Big Sur is one of the best drives you can take in the US, stretching 90 miles along the coastline of Highway 1 (also known as the Pacific Coast Highway) from San Simeon to Carmel-by-the-Sea. The drive is a true gem for those looking to experience expansive ocean vistas, redwood forests, and seaside cliffs. Big Sur isn’t a town, nor is it a city, but rather one beautiful, sunny stretch of southern California. There’s not a whole lot of civilization along this route, but trust us — the majestic views are totally worth disconnecting for! Though there’s not much around in terms of restaurants or shops, there are several RV campgrounds along Big Sur.
Columbia River Highway, Oregon
The Columbia River Highway makes for an excellent RV road trip in the Pacific Northwest region. The historic route begins near Portland, Oregon, and continues approximately 75 miles alongside the renowned Columbia River Gorge. It was built in the early 1900s in conjunction with multiple structures and sites to bring travelers to the most scenic sites in the gorge and many consider it America’s first scenic highway. Throughout the trip, you’ll find plenty of RV campgrounds and scenic points of interest, from dense forests to rocky waterfalls.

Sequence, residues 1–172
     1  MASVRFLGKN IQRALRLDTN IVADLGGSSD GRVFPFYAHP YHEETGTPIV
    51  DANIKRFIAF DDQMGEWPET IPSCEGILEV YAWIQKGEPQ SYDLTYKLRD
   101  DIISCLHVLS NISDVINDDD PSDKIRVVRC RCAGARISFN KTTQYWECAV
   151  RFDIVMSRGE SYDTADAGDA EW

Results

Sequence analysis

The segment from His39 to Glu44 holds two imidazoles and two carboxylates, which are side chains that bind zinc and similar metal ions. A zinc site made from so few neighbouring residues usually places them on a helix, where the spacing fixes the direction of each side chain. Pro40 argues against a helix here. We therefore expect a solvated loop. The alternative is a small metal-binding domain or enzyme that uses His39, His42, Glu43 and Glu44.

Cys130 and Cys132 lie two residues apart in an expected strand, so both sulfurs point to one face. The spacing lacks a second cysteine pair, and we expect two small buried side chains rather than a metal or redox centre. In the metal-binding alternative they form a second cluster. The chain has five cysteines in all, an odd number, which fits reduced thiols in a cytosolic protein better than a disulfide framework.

Route 66 is the penultimate cross-country road trip route, stretching all the way from Illinois to Southern California. In a way, Route 66 has become larger-than-life. It has featured heavily in popular Folk Americana fiction for over 60 years: movies, novels, and music. While Route 66 does still exist, it’s longer one single road. Fortunately, more than 80% of the original route can still be driven in sections. You’ll encounter plenty of cultural landmarks, quirky shops, and diners along the way, plus of course countless campgrounds.
If you’re interested in tackling the drive in an RV, make sure to plan ahead — it’s a LONG trip. (8 states to be exact!) There are several updated Route 66 guides available out there to help with planning.
Other Must-Visit Destinations
While most of the best RV trips in the US are arguably to national parks, there are a few other spots we recommend checking out as well — all of which we consider some of the best RV vacation spots around.